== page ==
End of the Line

Fightin’ Words

Making a fuss about Faulkner and college football

Illustration: Barry Blitt

Every now and then I think about creating a big flap in serious Southern-issue circles. I might accuse Faulkner of turning his back on agricultural reform because he came to realize that no-till farming, for which he had made a groundbreaking (so to speak) but not yet influential case in Plowman’s Folly, would render obsolete that great stock character of Southern fiction, the mule. If you’re just poking holes in the ground to plant your seeds, you don’t need a plow, or a devilish obstinate animal to pull it.

In other words, Faulkner forsook soil conservation so he could write a story like “Mule in the Yard.” Granted, that story is much livelier than anything in Plowman’s Folly. Faulkner has got two women and an overmatched Snopes chasing a run-amok mule all around the yard and in and out of a shed and recurrently through a “cloud of chickens” as the house catches fire.

One of the women openly enjoys it all. “Fo God!” she cries in a kind of horrified admiration of the loose mule. “He fixin to misuse de cow!” And the other woman, although it’s her house that burns down, manages to come out good on the deal.

But surely the charm of such a story fades next to such damage as tillage-by-plow has wreaked on Southern soil…

See, what I would be trying to slip past the serious-issue people—who would be thinking, hmm, something is wrong here—is that the author of Plowman’s Folly (you could look it up) was Edward H. Faulkner, not William. Meanwhile, I would be drawing attention to a brilliant feminist mule story and to the currently provocative notion (Edward H. was ahead of his time) of no-till farming.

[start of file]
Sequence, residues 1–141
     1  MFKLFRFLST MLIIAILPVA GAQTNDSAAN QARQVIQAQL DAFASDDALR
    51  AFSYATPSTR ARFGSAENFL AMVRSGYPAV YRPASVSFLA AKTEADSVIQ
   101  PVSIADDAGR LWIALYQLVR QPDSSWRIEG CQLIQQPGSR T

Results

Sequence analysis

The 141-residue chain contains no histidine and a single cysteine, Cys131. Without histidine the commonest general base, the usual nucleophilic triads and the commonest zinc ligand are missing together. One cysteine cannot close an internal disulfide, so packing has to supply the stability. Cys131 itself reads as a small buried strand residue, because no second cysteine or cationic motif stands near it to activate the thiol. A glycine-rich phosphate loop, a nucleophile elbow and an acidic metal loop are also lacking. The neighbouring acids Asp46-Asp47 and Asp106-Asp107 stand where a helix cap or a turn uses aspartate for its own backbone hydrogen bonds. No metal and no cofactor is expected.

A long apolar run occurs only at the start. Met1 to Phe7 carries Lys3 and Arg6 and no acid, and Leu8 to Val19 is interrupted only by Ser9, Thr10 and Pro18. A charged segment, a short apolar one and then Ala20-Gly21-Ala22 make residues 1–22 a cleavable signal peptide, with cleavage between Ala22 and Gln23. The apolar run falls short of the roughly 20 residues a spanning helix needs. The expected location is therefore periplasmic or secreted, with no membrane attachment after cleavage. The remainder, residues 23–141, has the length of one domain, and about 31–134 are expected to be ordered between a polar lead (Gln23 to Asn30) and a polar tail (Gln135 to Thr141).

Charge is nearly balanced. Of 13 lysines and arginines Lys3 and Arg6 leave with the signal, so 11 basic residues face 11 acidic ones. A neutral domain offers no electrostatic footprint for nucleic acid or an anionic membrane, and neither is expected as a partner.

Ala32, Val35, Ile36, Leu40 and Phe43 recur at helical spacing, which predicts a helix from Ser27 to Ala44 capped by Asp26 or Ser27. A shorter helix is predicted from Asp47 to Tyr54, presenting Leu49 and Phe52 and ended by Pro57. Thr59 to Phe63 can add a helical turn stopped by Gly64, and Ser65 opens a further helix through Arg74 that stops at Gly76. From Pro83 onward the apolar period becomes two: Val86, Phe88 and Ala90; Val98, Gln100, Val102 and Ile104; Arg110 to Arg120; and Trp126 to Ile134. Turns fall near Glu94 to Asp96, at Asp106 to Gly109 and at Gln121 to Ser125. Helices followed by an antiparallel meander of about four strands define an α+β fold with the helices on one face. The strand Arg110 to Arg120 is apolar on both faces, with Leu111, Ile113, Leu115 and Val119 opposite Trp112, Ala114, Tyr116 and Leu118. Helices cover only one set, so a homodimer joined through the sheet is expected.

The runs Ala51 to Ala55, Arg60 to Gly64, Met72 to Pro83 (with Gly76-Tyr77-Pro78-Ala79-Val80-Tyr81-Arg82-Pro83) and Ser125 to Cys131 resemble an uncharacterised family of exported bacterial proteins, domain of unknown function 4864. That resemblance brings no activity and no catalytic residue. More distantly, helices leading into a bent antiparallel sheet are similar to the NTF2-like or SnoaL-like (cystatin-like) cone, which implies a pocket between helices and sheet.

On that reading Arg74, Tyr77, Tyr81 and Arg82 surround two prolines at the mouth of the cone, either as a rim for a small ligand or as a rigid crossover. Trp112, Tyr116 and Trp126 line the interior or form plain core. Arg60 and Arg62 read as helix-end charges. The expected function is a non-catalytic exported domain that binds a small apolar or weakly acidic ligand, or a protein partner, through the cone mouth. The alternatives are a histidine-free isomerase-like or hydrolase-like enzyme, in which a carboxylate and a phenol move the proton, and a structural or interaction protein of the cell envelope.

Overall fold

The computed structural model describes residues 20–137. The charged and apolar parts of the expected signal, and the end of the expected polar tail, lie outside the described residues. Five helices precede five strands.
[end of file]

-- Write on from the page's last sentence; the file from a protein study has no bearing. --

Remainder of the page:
Or I could come out with an exposé: the National Gnat Institute’s plans to build with public money a billion-dollar no-see-um museum, about which there is so much more than meets the eye.

But I can’t hope to put anything like that over on the serious Southern-issue crowd, and here’s why: I lack a crucial element of Southern credibility. Oh, I can clean fish. I chewed tobacco for many years. I know a thing or two about mules—people say they can’t reproduce? No, they just won’t.

And I do love bourbon, pole beans cooked a long time, and Willie Nelson. (This may be my chance to mention that in a song Willie recorded a few years back, in response to the terrible state of the world, he sings a yin-yang fusion comparable to Garden & Gun: “Come on back Jesus. And pick up John Wayne on the way.”)

My Southernness, however, is severely undermined by this shameful fact:

I don’t know, or care, anything about college football.

I used to. When I was ten and eleven, living in Decatur, Georgia, in the early fifties, the lifeguard at the swimming pool was Larry Morris, All-American linebacker at Georgia Tech. So I thought: That’s what I’ll be. The Georgia Tech Yellow Jackets in ’51 and ’52 won twenty-three games, lost none, tied one. And they were so cool. Coach Bobby Dodd didn’t believe in onerous practice. He didn’t emphasize brutality, like Bear Bryant over there at Alabama. The Jackets were like Br’er Rabbit, smaller and niftier than the other guys. They won by being smart.

I was smallish, at the time; and at that level, fifth and sixth grade, I was smart. And I liked football. Nobody in my family had been to college. Tech was nearby. My future was golden.

Then I learned I was not only small, I was slow, and not at all nifty. And being smart at, like, spelling was different from being smart at football. And at Tech you had to plan on being an engineer. I couldn’t imagine ever even bluffing my way into building a bridge. The part in the middle.

I got a sportswriting scholarship to Vanderbilt. Where football victory meant getting beaten by Ole Miss by less than two touchdowns. Today I can do research and toss around names like Riley Lovingood  and Equanimeous St. Brown, but I can’t remember whom they play for. When I am with people on an autumn Saturday night, and they are all yelling, “Fo God! Ole Miss done actually beat somebody!” and looking to share the moment with me, I am blinking, hemming, hawing, and thinking to myself, “Ole Miss isn’t good?”

I might as well be from France.